For effective, secure and up-to-date perimeter security, it’s crucial to consider the ever-changing threat landscape. The rise of vehicle-borne attacks has made Hostile Vehicle Mitigation (HVM) measures an increasingly important part of physical security strategies.
Assessing the threat, designing a strategy
Vehicle-borne attacks can range from direct assaults, such as ramming, to a blast from a parked car using Vehicle-Borne Improvised Explosive Devices (VBIEDs). Such attacks have historically targeted busy pedestrian thoroughfares or open spaces for maximum impact.
A comprehensive HVM solution incorporates access control, to prevent unauthorised vehicles reaching their intended target area, and barriers, to impede or delay a hostile vehicle’s progress, whilst also allowing for flowing pedestrian movement and considering the aesthetic impact of barriers in the streetscape.
When establishing a robust HVM strategy for your site, there are several options to consider:
- Traffic calming measures to slow, and more effectively manage, approaching vehicles
- How new HVM measures will integrate with existing security features, for example fencing, access control gates, CCTV and/or bollards
- Managing traffic, authorising legitimate vehicles and monitoring access to and from your site
To strengthen and modify perimeter security for your site based on your needs and the potential threats present, bollards, barriers, road blockers, access control and security fencing are among the most effective ways to impede an attack and limit the damage it may cause.
Hostile Vehicle Mitigation products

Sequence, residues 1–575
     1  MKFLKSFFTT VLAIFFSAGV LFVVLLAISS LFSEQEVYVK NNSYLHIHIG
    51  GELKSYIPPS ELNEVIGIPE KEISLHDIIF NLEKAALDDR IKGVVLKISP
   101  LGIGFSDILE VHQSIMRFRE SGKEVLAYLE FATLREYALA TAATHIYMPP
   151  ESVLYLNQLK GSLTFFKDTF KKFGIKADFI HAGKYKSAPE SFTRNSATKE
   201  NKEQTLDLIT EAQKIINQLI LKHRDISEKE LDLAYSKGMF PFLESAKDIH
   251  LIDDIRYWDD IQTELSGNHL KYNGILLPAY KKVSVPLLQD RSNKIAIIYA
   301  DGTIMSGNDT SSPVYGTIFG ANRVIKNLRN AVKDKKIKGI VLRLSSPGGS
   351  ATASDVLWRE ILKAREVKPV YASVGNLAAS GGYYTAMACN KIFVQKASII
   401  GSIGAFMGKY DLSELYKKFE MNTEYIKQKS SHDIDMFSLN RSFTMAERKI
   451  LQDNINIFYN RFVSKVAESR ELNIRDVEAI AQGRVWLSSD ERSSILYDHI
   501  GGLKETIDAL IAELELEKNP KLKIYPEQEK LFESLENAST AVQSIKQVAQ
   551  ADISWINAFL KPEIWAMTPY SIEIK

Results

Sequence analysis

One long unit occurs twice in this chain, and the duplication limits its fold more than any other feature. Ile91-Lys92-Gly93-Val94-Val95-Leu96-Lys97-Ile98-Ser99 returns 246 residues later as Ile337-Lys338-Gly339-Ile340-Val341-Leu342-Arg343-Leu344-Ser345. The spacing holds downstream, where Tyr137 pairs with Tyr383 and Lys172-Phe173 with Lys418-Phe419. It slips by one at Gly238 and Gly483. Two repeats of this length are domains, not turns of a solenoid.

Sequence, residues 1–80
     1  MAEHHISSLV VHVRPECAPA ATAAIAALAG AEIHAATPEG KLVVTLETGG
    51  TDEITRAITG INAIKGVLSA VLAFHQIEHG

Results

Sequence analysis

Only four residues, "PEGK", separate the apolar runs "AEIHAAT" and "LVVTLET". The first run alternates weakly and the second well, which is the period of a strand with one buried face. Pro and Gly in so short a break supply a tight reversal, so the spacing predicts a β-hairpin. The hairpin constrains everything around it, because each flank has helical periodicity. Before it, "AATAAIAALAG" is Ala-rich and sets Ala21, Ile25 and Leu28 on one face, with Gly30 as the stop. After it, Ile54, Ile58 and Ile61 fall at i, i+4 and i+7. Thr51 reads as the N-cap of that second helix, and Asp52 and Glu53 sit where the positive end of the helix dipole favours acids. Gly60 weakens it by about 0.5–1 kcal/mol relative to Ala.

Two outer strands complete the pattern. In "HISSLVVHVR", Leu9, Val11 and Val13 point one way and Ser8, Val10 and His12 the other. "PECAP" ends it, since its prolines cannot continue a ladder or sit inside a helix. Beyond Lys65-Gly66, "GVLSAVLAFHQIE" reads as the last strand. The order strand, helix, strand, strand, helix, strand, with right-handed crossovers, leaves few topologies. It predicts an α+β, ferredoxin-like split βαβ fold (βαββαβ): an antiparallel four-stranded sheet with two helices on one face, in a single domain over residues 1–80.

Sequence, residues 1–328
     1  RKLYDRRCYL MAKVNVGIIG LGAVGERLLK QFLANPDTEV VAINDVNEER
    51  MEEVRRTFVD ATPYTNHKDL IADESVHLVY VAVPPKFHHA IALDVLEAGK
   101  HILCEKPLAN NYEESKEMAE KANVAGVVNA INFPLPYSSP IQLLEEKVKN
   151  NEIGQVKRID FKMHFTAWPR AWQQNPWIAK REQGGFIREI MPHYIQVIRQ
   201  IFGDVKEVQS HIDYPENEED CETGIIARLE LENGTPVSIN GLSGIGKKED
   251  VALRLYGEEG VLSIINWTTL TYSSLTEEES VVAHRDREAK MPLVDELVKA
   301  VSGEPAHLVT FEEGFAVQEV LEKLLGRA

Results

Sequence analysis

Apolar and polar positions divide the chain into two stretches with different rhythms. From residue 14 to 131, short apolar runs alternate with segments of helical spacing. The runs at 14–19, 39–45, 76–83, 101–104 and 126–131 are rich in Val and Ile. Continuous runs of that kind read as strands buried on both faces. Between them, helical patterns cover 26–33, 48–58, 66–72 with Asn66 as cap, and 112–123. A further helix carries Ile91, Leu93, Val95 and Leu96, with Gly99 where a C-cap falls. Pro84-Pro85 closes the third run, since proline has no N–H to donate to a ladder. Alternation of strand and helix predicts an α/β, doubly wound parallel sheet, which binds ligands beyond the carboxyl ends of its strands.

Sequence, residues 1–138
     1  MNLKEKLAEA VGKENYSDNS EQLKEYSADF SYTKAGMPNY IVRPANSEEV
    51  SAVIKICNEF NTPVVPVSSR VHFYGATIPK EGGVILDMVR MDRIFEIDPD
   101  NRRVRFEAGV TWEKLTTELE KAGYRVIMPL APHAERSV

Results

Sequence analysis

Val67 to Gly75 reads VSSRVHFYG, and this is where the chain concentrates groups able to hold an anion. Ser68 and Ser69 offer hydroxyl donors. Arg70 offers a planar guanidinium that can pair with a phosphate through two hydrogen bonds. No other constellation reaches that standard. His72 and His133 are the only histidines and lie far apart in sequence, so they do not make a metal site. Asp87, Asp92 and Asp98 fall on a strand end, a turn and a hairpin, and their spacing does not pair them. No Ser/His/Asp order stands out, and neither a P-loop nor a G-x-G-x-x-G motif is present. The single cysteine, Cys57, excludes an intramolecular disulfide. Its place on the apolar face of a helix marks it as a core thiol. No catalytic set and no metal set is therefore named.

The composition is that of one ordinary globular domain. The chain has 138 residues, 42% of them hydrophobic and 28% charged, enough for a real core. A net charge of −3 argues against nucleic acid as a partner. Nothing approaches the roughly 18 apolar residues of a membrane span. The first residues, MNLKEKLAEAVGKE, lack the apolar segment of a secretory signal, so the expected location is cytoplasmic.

Vehicle Security Barriers (VSB)
There are two types of VSB: active VSBs include retractable bollards and road blockers, and rising, folding, sliding or swinging gates, and passive VSBs, such as fixed bollards, planter units, structural walls or enhanced fences, strengthened street furniture and earthworks, e.g. steps or ditches.
Vehicle Access Control (VSB)
Vehicle Access Control Points (VACPs) allow you to monitor and restrict vehicle access both to and from a site or public space and are typically designed in tandem with perimeter security and/or static VSBs to prevent circumvention.
As VACPs are often unmanned, it’s essential to consider routes for vulnerable road users, activation methods and unauthorised vehicle rejection as well as basic signs, instructions, signals and maintenance.
BSI PAS 68
When specifying vehicle security barriers, it’s essential to understand the different capabilities of security products in order to incorporate the appropriate level of strength and resistance into your perimeter security strategy.
The British Standards Institution’s (BSI) PAS 68 rating is considered the benchmark for HVM products, offering a strength classification based on product performance when subjected to a single horizontal impact.
At Jacksons we offer a range of PAS 68 barriers, fencing and bollards, designed with the sole intention of preventing or minimising the damage inflicted by vehicle-borne attacks and capable of halting a HGV whilst remaining unobtrusive.
We also offer thorough site assessments, giving full consideration to the needs of any site, from stadiums and public spaces to utility sites and shopping centres, to ensure a comprehensive security solution. For more information about our PAS 68 solutions, click here.